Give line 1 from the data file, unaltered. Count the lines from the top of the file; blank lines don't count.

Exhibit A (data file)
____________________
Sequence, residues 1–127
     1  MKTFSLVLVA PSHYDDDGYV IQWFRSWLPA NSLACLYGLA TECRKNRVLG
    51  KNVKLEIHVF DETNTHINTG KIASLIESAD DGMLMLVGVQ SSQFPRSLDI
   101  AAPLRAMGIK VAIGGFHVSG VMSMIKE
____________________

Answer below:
Sequence, residues 1–127